Tongariro Alpine Crossing (New Zealand)

Tongariro Alpine Crossing (New Zealand)

Mount Tongariro is one of three volcanoes at National Park, North Island, New Zealand. National Park is situated just south of Taupo and opposite the small city of Waiouru, which is known for its barren, often chilly terrain, used by the New Zealand Army as an exercise area for its trainees. The mountains are a beautiful backdrop to an otherwise unpopulated area.

The Tongariro alpine crossing is 18.5 kilometers long and takes approximately 7-8 hours to complete, depending on fitness levels. The walk is not for the faint-hearted or ill equipped: due to the nature of the area, weather changes happen rapidly and unexpectedly. The best time to do the trek is during summer, (December to May) otherwise snow and/or dangerous conditions are more likely.

Tongariro Alpine Crossing, a Climbing Sensation

Tongariro alpine crossing is alpine in the sense that it traverses the mountain, crater, and lakes with spectacular geological scenery on the way.


The walk to the mountain along Mangatepopo valley from the road is relatively flat along the boardwalk to the foot of the mountain. Old well weathered lava flows and vegetation are the only scenery on the way with the odd glimpse of the mountain in the background till the beginning of the climb up.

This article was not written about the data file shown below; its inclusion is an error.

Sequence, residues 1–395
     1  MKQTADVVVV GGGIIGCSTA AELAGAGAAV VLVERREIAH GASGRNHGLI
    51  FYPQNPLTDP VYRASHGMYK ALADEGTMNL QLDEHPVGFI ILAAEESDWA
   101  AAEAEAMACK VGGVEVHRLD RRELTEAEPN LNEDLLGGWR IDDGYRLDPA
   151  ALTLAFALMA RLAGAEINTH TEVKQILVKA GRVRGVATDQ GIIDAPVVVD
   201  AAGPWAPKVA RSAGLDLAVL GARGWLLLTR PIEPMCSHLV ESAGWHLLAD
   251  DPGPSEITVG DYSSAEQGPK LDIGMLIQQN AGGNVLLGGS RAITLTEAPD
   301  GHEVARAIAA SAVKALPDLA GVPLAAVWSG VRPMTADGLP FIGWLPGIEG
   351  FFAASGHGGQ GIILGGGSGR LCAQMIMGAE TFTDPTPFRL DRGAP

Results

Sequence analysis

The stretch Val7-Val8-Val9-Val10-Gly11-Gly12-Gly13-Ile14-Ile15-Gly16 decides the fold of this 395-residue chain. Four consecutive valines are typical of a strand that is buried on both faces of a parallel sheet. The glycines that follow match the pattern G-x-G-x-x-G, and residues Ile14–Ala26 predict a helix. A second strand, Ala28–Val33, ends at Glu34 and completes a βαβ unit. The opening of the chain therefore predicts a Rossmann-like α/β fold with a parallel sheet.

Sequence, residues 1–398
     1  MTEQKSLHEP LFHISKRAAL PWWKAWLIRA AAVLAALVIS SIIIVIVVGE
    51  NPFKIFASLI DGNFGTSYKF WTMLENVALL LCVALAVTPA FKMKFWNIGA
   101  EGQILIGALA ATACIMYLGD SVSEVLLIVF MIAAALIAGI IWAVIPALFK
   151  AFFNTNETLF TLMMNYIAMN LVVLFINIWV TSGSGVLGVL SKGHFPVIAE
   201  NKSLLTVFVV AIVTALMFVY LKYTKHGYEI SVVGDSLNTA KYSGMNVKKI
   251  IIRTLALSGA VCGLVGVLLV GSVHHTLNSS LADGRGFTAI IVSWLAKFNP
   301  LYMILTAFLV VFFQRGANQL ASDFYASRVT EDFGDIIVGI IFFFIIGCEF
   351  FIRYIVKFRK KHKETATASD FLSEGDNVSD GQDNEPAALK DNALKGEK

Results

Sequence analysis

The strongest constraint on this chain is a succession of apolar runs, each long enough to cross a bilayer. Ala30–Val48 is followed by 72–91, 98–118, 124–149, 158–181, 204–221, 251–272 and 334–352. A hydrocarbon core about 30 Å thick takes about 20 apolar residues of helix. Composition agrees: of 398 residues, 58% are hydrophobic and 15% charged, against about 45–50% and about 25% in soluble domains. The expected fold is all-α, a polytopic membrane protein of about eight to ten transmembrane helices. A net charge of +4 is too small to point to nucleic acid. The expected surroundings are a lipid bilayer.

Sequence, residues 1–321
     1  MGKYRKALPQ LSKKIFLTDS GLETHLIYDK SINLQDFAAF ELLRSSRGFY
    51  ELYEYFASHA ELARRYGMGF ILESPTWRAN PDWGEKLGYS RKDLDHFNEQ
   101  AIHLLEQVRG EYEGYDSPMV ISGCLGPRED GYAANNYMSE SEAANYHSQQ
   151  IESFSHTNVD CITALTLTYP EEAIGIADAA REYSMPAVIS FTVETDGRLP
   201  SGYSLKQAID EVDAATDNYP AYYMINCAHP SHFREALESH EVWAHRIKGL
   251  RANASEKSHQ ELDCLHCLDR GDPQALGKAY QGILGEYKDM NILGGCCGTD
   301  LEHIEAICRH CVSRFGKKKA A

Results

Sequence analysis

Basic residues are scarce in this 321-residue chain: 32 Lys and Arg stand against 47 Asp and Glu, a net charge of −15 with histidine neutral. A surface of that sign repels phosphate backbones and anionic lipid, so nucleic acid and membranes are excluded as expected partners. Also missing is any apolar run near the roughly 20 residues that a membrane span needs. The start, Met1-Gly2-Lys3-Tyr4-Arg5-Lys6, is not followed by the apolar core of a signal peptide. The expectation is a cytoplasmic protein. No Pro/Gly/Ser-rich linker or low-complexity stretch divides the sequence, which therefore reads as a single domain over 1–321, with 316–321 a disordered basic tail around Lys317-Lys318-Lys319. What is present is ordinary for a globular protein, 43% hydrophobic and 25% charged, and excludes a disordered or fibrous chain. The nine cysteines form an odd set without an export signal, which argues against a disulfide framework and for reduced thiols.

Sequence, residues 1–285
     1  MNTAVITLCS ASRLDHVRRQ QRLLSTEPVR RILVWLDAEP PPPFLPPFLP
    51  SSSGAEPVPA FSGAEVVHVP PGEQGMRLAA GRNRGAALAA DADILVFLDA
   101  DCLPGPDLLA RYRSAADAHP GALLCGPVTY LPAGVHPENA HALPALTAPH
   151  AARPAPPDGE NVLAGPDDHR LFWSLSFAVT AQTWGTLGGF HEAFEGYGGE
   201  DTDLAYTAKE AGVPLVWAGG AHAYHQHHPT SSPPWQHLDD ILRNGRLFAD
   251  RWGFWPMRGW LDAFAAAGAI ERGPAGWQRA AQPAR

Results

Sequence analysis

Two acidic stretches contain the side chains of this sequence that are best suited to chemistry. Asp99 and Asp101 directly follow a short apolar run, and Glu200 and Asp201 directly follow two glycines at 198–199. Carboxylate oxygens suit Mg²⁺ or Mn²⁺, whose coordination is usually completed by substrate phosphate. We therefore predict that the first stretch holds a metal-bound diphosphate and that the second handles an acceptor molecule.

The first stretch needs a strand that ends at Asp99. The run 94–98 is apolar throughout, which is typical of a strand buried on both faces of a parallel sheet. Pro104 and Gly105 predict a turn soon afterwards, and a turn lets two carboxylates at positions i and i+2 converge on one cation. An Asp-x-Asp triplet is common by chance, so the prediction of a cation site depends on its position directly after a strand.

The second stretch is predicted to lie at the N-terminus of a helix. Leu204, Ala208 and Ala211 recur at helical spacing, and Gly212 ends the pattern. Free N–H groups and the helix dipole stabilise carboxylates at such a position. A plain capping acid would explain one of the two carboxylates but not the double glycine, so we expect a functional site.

Scaling the side of the mountain from the valley is difficult and challenging but the view at the top makes all effort worth it. On a good clear day a view all the way across the valley, Lake Taupo and to the west, Mount Egmont/Taranaki can be seen.

At the top of the valley is the very flat area of south crater bringing some respite to the earlier climb. However, once past the crater another climb takes you to the top of the mountain and then the route plunges straight down the other side, almost sliding down into crater lake. The lake appears out of nowhere, its stunning sulphurous emerald water gleaming in the sun.

From the lake, another traverse goes across the crater then down through the tussock slopes crossing the Ketetahi stream. Steps lead through the bush and finally down to Mangatepopo hut where refreshments can be purchased for the next downward trek, via steps.

The Ideal New Zealand Field Trip


Tongariro national park is an ideal place for a geological mapping field trip. The trek is not so difficult that students would have trouble completing it and as there are three volcanoes in the area, there are many different lava or plume flows to be mapped and calculated.

Although the weather can be unpredictable, the Tongariro alpine crossing is definitely worth doing. The track does get busy during the summer holidays (December to January) with tourist groups and travellers eager to walk over a volcano.

If the alpine crossing doesn’t appeal, there is always the opportunity during New Zealand’s winter to ski on Mount Ruapehu at the Whakapapa or Turoa ski fields, staying at the Chateau for a luxurious night’s sleep.

Information about the Tongariro alpine crossing can be found on various websites and those wishing to do the trek should consult them first.